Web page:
Will County Board members trade barbs on partisanship over map redrawing

With limited options, the Will County Board will likely maintain its 13 district structure

Will County Board members traded accusations of partisanship during a meeting on their redrawing of district maps on Tuesday.

An ad-hoc committee was tasked with coming up with a reapportioned map to account for population changes. While the process is meant to be non-partisan with an evenly split committee, one Democratic member accused Republicans of trying to limit options for a new map in order to benefit themselves electorally.

The discussion began when Speaker Mimi Cowan, D-Naperville, suggested the committee consider a new map configuration with 11 districts represented by two members each.

This came after the county realized it could not legally change its two-member district setup to single members without going to a referendum. That limited the alternatives to the 13 two-member district structure the board has had for the last decade. Others anywhere from 15 to 19 single-member districts.

“I don’t think we should limit ourselves,” Cowan said.

She also noted the state legislature recently extended the amount of time county boards have to reapportion their maps to essentially the end of the year.

Cowan also argued that reducing the size of the 26-member board could streamline county government.

Republicans disagreed, arguing the larger districts would be less effective at keeping communities of interest together, an important mandate for legislative bodies to heed in the reapportionment process. Minority Leader Mike Fricilone, R-Homer Glen, moved for the committee to just consider 13-district maps going forward.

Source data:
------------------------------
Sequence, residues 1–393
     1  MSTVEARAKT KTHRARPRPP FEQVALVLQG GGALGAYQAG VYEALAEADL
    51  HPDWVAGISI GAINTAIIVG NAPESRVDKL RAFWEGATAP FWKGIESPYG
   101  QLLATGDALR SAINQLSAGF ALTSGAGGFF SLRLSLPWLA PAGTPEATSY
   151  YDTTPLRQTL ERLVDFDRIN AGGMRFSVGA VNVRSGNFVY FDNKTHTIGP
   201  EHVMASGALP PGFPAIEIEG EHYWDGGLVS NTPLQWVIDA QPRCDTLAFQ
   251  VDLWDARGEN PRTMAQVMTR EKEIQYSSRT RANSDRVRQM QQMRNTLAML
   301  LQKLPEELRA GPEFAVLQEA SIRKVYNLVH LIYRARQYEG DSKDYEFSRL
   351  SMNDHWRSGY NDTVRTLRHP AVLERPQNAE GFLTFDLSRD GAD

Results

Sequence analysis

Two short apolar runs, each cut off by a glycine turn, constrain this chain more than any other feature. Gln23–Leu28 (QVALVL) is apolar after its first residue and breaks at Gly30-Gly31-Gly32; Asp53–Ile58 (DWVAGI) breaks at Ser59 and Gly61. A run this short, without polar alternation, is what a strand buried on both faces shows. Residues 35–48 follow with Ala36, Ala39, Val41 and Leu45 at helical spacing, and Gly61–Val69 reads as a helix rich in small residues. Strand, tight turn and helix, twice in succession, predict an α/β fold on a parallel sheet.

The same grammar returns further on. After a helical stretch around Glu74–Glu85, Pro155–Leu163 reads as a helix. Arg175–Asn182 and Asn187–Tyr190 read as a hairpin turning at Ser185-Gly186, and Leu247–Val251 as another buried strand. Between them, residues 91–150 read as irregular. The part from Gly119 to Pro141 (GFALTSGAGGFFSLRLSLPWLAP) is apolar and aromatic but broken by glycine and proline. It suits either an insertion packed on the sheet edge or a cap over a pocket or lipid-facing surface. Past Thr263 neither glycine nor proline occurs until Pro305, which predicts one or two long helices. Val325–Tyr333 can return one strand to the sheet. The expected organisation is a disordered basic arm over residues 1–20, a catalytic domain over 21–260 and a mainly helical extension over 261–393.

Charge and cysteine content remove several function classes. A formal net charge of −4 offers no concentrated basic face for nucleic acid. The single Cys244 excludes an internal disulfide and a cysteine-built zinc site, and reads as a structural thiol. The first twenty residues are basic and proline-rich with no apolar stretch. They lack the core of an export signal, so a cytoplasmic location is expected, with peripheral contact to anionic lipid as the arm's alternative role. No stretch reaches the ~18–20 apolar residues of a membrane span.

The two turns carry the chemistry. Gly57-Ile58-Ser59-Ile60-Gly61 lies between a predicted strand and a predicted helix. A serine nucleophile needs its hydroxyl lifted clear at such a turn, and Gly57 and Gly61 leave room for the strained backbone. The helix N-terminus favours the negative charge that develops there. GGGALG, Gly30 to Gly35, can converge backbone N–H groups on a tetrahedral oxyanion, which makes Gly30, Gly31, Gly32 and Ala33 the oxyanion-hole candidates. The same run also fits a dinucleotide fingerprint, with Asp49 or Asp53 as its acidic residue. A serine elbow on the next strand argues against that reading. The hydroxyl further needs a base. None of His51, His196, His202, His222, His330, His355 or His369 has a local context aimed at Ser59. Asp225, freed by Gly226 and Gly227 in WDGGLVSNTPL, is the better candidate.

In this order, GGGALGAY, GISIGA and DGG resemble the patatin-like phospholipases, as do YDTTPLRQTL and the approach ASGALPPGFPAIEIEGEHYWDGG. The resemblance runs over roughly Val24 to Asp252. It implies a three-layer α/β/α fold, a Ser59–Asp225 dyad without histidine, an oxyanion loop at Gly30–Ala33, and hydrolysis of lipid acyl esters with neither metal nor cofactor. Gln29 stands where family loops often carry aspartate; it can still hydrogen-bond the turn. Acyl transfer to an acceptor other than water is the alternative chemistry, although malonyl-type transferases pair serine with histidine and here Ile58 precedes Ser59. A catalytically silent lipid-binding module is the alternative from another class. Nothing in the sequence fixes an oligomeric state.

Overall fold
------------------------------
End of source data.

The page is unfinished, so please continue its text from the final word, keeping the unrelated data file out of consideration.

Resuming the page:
“I don’t think it’s fair to keep waiting just because we have time,” Fricilone said. “People have to make decisions if they are going to run.”

Member Jim Moustis, R-Frankfort, argued reducing the number of members would result in less representation and that it wouldn’t reduce the cost of government since other members have proposed raising members’ salaries.

Republicans have argued the current 13-district map is more equitable and representative of the county.

But Cowan said the Republican members’ comments on the process were “disingenuous at best.”

“They have shut down discussion,” Cowan said. “They have shut down the small ‘d’ democratic process of this at every opportunity.”

Cowan added the Republicans on the committee were not doing their duty by refusing to at least consider an 11-district map. She said the Republicans wanted to keep a 13-district map because it benefits them electorally.

“If this was a well-intentioned process on the Republican Party’s part, they would at least consider other options,” Cowan said.

Moustis said Cowan’s assertion that Republicans were cutting off conversation during the process was an “out-and-out fallacy.”

“You’ve shown what I think are your true colors when you make those statements and that is you’re an extreme partisan with a very liberal agenda,” Moustis said.

He added Cowan’s questioning of GOP members’ motivation is “dangerous.”

Member Rachel Ventura, D-Joliet, noted the point of the state extending the deadline for drawing a new map was to give counties time to receive the 2020 Census data which won’t be available until mid-August at the earliest.

Ultimately the committee voted 6-4 to only consider 13-district maps with member Denise Winfrey, D-Joliet, voting with the Republicans.

Will County Executive Jennifer Bertino-Tarrant, D-Shorewood, still can submit her own proposed map which the board could consider and would have to hold a public hearing on. She had already submitted a 17-district map but withdrew it after the county learned such a change would require a referendum.

The ad-hoc reapportionment committee will continue to meet regularly with its next meeting scheduled for June 29.

Alex Ortiz

Alex Ortiz is a reporter for The Herald-News in Joliet. Originally from Romeoville, Ill., he joined The Herald-News in 2017 and mostly covers Will County government, politics, education and more. He earned his bachelor's degree at the University of Illinois at Urbana-Champaign and a master's degree from Northwestern University.